With a retrospective nationwide cohort study in the Netherlands over 1992-2003, using mortality and viral surveillance data, the aim was to assess by means of rate difference methods the influenza-associated mortality in the elderly before and after the introduction of a nationwide influenza vaccination program in 1996 (vaccination coverage raised from below 50 to 80%). The average annual influenza-associated mortality declined in the years before and after the introduction from 131 to 105 per 100,000 persons (relative risk 0.80). The decline was largest in the age group 65-69 years (relative risk 0.54) and less in those aged 75 years and older. Validation by Serfling-type regression analysis revealed similar results. In conclusion, routine influenza vaccination among Dutch elderly was associated with a significant decrease in influenza-associated mortality, notably in those aged 65-69 years.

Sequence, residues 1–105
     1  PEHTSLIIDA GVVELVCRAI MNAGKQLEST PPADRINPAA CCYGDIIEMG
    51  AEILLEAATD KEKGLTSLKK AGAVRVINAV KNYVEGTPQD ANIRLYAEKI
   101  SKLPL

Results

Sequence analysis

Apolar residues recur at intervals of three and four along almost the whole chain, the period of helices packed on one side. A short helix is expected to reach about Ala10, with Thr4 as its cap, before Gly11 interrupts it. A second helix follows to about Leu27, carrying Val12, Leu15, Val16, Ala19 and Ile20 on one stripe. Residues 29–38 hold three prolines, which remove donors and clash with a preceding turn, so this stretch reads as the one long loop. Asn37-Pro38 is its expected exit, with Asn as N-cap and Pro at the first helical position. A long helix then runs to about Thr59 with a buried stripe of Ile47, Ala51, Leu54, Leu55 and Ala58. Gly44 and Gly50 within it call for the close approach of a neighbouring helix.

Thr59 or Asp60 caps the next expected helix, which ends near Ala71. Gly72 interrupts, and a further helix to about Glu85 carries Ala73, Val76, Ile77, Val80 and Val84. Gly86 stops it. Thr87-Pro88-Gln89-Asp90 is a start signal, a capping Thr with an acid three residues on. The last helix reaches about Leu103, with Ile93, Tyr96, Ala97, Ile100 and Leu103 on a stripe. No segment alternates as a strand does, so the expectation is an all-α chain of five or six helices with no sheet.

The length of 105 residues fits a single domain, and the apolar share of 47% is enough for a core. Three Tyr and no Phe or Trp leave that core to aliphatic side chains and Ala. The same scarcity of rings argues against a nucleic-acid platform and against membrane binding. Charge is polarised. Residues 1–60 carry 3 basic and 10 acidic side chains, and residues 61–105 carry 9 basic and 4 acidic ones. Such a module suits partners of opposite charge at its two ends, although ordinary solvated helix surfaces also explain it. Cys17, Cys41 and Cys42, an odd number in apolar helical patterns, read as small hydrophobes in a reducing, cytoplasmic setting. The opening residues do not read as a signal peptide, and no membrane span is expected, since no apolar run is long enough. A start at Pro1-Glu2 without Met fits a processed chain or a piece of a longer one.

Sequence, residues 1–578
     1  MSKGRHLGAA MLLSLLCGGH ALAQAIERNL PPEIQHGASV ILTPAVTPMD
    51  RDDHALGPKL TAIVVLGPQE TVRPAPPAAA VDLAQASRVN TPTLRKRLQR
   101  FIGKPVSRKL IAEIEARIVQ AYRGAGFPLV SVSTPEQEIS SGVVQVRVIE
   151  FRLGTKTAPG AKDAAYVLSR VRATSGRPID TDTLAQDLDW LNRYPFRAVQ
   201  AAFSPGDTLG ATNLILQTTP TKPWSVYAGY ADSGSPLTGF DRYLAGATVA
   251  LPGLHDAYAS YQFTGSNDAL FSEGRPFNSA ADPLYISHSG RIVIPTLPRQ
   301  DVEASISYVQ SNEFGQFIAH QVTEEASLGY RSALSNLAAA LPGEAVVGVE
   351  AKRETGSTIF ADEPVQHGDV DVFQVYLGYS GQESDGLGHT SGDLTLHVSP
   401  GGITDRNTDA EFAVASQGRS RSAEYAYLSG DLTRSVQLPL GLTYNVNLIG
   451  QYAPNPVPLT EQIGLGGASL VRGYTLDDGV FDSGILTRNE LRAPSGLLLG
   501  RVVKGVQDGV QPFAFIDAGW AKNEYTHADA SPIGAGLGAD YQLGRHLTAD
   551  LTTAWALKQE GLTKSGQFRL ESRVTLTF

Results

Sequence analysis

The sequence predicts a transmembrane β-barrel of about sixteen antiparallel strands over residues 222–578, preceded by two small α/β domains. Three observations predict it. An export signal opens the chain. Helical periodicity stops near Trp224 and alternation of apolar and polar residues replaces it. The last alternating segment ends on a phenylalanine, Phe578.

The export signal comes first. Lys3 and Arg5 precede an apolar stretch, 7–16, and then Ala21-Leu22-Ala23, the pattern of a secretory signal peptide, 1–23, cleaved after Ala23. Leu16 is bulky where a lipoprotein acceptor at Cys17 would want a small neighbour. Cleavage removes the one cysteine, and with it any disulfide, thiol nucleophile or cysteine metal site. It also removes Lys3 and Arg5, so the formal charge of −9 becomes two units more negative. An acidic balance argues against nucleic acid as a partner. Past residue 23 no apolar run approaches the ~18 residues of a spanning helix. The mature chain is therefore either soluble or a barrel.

Bibliographical noteFunding Information:
Dr. Nichol reports having served as a consultant to the influenza vaccine manufacturers Sanofi Pasteur, MedImmune, GSK, and Novartis. Dr. Nichol has received or will receive grant support from Sanofi Pasteur and GSK. This study was funded by the Health Council of the Netherlands.
- Influenza vaccine